Category: Acquisition

Visualize an exit: Portland's Vizify acquired by Yahoo!

Another Portland startup has been acquired. Vizify has been picked by Yahoo! who has, obviously, been making a string of acquihires. Read More

Yet another perk: Perka acquired by First Data for an estimated $30 million or so

If you frequent Portland coffee shops—well honestly, like some 90 establishments coffee or otherwise in the Portland area—you’ve no doubt come across Perka, the service designed to replace the loyalty punch cards in your wallet with something far more manageable: an app. Read More

CONFIRMED: Portland's AppFog acquired by CenturyLink

Any number of outlets began reporting yesterday that Portland-based AppFog had been acquired by CenturyLink. Details were slim all around. But now CenturyLink has confirmed the news with a press release. Read More

Finding their way to Aruba: Portland startup Meridian acquired by Aruba Networks

Another Portland company has had a successful exit—and that also means another successful exit for the Oregon Angel Fund. Indoor mapping startup Meridian has been acquired by Aruba Networks. And it will remain in Portland as a wholly owned subsidiary. Read More

Portland startup Lucky Sort acquired by Twitter

Portland startup Lucky Sort, which has been focused on analyzing trends and patterns in written content in an attempt to predict market fluctuations, has been acquired by Twitter. Read More

FreeRange acquired by Kansas City’s Handmark

FreeRangePortland-based FreeRange—one of the leaders of the Portland mobile scene with customers like the Blazers, paidContent, and The Wall Street Journal—has been acquired by Handmark, a mobile entertainment company headquartered in Kansas City, MO.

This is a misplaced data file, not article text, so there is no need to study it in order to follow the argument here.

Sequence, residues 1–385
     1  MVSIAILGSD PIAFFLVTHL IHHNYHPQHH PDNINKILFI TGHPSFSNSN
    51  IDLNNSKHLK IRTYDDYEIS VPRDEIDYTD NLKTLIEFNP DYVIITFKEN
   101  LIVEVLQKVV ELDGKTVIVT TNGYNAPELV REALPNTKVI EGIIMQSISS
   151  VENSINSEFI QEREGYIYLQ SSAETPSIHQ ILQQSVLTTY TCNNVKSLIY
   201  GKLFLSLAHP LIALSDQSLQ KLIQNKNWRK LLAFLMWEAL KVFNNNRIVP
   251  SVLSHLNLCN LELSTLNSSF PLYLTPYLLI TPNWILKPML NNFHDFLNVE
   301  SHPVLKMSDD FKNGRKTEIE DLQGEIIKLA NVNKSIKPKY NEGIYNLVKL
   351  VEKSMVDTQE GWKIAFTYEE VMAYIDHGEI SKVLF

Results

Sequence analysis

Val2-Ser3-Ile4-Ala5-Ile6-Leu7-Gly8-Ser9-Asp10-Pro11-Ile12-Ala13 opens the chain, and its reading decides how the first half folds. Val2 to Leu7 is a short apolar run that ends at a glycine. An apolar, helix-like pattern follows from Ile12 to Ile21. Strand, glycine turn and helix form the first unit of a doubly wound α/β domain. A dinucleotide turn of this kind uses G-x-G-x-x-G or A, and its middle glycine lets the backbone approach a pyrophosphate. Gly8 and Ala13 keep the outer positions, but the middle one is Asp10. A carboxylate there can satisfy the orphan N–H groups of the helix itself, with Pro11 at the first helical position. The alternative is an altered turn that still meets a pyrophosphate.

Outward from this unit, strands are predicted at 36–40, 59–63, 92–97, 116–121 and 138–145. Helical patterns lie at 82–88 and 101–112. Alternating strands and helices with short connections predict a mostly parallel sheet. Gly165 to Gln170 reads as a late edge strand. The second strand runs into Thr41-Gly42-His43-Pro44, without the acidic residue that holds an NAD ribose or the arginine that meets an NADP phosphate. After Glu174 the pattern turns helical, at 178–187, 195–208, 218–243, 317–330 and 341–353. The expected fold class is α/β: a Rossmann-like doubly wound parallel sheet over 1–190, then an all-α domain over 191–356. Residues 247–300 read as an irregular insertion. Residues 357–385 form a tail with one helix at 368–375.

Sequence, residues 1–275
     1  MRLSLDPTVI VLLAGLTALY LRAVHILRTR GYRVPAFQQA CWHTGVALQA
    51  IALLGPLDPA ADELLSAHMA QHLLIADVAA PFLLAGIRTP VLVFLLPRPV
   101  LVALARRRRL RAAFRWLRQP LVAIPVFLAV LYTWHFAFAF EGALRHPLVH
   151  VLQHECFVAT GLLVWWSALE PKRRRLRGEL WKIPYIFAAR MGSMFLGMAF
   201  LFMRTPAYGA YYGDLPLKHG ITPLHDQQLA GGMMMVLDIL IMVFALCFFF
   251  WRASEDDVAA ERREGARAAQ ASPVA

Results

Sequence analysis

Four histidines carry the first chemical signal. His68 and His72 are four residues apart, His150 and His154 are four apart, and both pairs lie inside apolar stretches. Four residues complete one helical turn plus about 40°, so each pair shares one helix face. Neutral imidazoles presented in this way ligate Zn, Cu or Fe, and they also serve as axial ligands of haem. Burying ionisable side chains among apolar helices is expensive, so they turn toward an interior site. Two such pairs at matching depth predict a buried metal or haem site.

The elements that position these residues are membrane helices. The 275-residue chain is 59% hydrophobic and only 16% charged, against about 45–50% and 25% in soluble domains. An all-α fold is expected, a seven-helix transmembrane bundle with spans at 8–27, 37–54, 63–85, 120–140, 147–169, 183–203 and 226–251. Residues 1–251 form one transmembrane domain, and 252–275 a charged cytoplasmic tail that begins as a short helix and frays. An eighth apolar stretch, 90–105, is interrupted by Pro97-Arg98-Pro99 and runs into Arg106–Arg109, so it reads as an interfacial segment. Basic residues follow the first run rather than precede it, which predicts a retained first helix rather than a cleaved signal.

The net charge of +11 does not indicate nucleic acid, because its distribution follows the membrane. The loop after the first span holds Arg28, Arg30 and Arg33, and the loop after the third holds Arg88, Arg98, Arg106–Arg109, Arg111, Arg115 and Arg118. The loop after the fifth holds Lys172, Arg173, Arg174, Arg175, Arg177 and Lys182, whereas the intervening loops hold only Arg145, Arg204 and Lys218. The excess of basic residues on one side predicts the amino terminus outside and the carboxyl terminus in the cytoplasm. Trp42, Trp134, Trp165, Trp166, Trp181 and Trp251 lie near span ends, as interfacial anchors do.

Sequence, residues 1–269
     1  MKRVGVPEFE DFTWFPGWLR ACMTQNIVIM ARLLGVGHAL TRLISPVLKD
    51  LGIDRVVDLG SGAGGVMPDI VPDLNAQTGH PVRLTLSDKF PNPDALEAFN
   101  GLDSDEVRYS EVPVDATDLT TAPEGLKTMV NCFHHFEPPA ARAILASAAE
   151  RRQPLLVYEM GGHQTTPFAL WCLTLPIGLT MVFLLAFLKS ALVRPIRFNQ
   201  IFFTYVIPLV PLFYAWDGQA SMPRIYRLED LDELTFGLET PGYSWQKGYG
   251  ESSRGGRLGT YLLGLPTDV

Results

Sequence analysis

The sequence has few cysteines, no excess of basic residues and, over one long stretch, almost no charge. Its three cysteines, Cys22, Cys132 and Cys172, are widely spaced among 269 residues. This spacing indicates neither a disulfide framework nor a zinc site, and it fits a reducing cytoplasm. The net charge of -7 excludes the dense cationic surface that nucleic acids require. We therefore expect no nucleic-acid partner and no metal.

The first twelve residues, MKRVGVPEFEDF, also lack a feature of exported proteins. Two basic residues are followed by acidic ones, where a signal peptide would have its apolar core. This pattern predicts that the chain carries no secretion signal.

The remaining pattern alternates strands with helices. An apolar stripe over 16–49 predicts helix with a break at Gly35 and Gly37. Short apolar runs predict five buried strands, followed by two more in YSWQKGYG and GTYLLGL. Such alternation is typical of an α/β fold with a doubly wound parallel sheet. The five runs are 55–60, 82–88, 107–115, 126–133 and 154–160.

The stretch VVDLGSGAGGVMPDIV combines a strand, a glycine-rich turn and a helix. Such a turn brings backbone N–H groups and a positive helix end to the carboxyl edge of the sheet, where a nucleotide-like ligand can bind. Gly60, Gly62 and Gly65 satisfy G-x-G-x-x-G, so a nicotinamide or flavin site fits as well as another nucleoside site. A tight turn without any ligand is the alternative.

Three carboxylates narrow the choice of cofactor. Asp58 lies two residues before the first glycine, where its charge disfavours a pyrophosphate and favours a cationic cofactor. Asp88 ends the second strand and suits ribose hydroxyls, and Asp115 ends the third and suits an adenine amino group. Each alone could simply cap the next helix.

Last year, I wrote:

If any company is the “founding father” of the burgeoning Portland mobile scene, FreeRange is it. With customers like the Wall Street Journal and the Portland Trail Blazers—and one of the most impressive mobile feed readers on the market—FreeRange is sure to keep Portland associated with mobile apps for a long time to come.

Oopie. Allow me to rephrase that. “Handmark is sure to keep Portland….”

According to the release, FreeRange is a “strategic addition” for Handmark, which has been recognized for its “mobile development expertise and management of a variety of desktop and on-device mobile stores full of the industry’s best games, applications and ringtones.”

“This is an exciting turning point for our company and we are proud to become part of the Handmark organization,” said Jon Maroney, FreeRange CEO. “Handmark has built a large network of happy customers across a wide range of mobile devices. This offers a great opportunity for FreeRange partners to expand their reach, adding tremendous value to content delivered via our publishing platform.”

Financial terms of the deal were not disclosed.

For more information on the acquisition, see the FreeRange blog.

(Hat tip Jason Grigsby)

Strands improves its net worth with NetworthIQ acquisition (Now it can be told)

Sometimes, you just have to wait to share the good news. And, Corvallis-based Strands acquiring Portland-based NetworthIQ is just one of those such deals.